I first met Jay about 13 years ago when a friend of mine introduced me to the wonderful world of Happy Harbour Comics. Jay opened the first incarnation of Happy Harbour in 1999 in Jasper, Alberta. Since then Happy Harbour has gone through many changes including an expansion followed by a refocusing into what the store is today.
After 5 years of running the store in Jasper, Jay packed everything up and relocated to Edmonton where the customer base was bigger and he had more room to grow his business. “Moving to Edmonton seemed like the thing to do and it worked out pretty well” Jay tells me. Happy Harbour has been voted Edmonton’s best comic book store 6 years running by Vue Weekly. It’s not just a store but a place for people to gather and get their geek on. The staff are friendly and the space feels inclusive.
Jay is originally from a small town in southern Ontario called Chatham. He has been in Alberta for over 20 years. “I’m fairly confident that I wouldn’t have what I have had I stayed in Ontario” Jay says.
I asked Jay when he fell in love with comics: “It’s something that I discovered when I was a really young kid, about 8 or 9 years old and they were just fun. I’ve even tried to pinpoint a moment but I really just remember them being around.” Jay got small odd jobs to pay for comic books as a kid. He read a lot superhero comics. “Even though you’re reading the same story over and over again, I just never got tired of it.” Nowadays, comics aren’t limited to just capes and crusaders. There are endless genres that appeal to a wide audience of people. “If anyone was to walk into a good comic book store and say ‘I don’t think that there’s anything in here that will interest me’, you just don’t like happiness or freedom apparently. There’s way too much and there’s always going to be something that connects with somebody. We’re in a new golden age of comics.”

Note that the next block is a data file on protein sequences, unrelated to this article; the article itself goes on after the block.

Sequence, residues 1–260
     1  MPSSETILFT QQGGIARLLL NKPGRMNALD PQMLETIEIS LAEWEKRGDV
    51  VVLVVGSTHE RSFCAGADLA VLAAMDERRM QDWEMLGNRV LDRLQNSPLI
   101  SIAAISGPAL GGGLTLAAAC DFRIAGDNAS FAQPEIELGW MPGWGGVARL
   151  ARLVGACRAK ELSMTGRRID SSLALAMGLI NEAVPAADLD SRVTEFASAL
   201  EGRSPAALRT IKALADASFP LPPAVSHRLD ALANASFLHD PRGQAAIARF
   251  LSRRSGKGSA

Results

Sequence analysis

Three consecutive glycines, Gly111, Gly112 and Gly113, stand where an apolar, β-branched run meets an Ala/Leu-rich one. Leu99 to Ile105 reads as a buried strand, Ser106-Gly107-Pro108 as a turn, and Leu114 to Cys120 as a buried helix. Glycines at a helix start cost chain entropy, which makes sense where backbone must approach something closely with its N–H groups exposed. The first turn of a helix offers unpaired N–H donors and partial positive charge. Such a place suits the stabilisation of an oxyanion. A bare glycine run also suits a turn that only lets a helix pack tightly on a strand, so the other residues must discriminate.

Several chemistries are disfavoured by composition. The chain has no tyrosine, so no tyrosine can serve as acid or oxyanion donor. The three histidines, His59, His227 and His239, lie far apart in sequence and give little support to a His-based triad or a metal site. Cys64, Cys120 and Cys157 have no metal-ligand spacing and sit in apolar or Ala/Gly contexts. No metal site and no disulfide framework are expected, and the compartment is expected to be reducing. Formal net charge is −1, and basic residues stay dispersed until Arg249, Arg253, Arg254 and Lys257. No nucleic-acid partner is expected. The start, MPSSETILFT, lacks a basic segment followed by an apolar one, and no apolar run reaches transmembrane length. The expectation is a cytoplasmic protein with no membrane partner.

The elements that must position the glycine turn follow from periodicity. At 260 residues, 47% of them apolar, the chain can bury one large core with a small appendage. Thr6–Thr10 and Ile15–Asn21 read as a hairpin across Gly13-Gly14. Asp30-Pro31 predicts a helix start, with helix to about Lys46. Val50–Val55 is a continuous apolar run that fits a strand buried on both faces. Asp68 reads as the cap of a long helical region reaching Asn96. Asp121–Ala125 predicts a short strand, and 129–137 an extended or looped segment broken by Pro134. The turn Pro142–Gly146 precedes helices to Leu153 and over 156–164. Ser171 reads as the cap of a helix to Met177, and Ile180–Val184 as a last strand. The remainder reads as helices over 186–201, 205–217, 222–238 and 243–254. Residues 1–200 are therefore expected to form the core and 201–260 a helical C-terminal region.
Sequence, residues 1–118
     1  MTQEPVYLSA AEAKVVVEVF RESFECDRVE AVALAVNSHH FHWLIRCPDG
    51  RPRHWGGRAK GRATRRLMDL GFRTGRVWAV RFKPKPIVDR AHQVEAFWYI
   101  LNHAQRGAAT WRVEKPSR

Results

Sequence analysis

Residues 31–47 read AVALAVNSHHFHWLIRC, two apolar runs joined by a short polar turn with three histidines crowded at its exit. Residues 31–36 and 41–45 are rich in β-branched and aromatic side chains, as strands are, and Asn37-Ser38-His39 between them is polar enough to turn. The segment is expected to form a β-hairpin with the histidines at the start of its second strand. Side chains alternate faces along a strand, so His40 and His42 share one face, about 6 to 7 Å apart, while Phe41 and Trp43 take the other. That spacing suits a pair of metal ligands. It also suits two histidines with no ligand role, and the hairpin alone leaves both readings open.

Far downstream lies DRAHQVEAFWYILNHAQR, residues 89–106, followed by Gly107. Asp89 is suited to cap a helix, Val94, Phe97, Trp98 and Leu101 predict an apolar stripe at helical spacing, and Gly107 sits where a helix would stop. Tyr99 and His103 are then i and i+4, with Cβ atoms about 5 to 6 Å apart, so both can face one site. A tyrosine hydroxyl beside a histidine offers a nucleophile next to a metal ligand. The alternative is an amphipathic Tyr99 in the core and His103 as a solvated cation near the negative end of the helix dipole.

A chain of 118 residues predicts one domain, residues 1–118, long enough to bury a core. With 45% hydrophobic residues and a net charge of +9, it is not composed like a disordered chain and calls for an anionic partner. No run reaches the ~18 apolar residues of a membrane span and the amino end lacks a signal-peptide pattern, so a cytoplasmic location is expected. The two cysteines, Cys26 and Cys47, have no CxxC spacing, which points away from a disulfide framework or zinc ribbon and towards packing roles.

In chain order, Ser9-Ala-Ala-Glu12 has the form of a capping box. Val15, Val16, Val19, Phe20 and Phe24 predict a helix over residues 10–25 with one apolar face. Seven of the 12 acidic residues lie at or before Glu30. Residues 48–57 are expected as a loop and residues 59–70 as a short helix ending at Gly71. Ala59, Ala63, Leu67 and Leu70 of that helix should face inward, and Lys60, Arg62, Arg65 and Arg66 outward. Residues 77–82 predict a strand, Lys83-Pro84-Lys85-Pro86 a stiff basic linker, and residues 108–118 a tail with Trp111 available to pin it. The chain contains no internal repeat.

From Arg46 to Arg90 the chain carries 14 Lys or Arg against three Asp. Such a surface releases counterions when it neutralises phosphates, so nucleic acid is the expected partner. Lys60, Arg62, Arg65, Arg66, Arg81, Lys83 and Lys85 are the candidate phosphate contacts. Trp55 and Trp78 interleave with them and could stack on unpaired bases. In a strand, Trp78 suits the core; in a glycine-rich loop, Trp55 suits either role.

So what is Jay reading these days? “As a long time DC comics fan, it almost hurts a little bit to say but some of my favourite books right now are Marvel Comics’ Champions and Mighty Thor. Justice League is kind of my book so I read it regardless of how good or bad it is…And Astro City is a book that doesn’t get nearly as much attention as it deserves because it’s so well written and wonderfully drawn.”
The comic book landscape has changed drastically in the last 10 years. With superhero films dominating the box office and wider variety of comics available than ever, you get a much broader range of people shopping in comic book stores. “Now in our shop, you don’t have one type of customer. It’s not the addicted weekly comic guy or gal. Now you get a substantially greater mix. You get a lot more families. We get a lot of young kids, teens, or pre-teens, who come in on their own now to pick up their stuff and pick stuff out. Which is great. 10 years ago it was only really like 25-40 year old established adults, usually male. Even in the last five years it’s totally different, totally different audience. Certainly a far cry from everything I was experiencing as a kid growing up and going to comic book stores. The different kind of stories you put out there, the broader of an audience you’re going to get.” And Jay has tried to adapt to the every changing landscape. “As much as we will supply stuff quick and ready for the hardcore fan, our goal isn’t to just take customers from other businesses, we want to find a way to generate new customers, or lapsed customers. We want to find a way to bring people back into comics or introduce people to comics and that’s generally more often than not, our goal.”
I asked Jay what he does when he’s not running his business: “I eat out a lot. I’m always looking for cool little places and trying to find new for experiences. I like doing the festivals in the city and being downtown, I can do a lot of stuff because there’s always stuff happening downtown, nice and close. I’ve recently, through the business, become involved a lot with the Winspear so I’ve been seeing a lot of symphonies lately which is something that I never used to do. I’m passionate about music so that worked out pretty well. I do a lot of music stuff too. We have bands here at the store. When we get a chance to bring in new bands, I try to go out and follow them. I go to all of these neat little clubs to go and check out these bands that I’ve come to love… This town certainly doesn’t leave you with many empty moments.”
As for those who say Edmonton is lacking in things to do, well Jay doesn’t have a lot of patience for those people. “I always find it funny when someone say ‘Oh it’s Deadmonton, there’s nothing to do!’ and I’m like, no you just suck, I’m sorry, but if you’re in this city and you say there’s nothing to do, that’s your own fault.”
Jay has taken big risks, moving across the country, and eventually settling in Edmonton but he’s content with where he is. “It worked out okay. I’m quite happy to live in Edmonton and take in everything that it has to offer and I almost feel bad that I don’t take in as much as it has to offer.”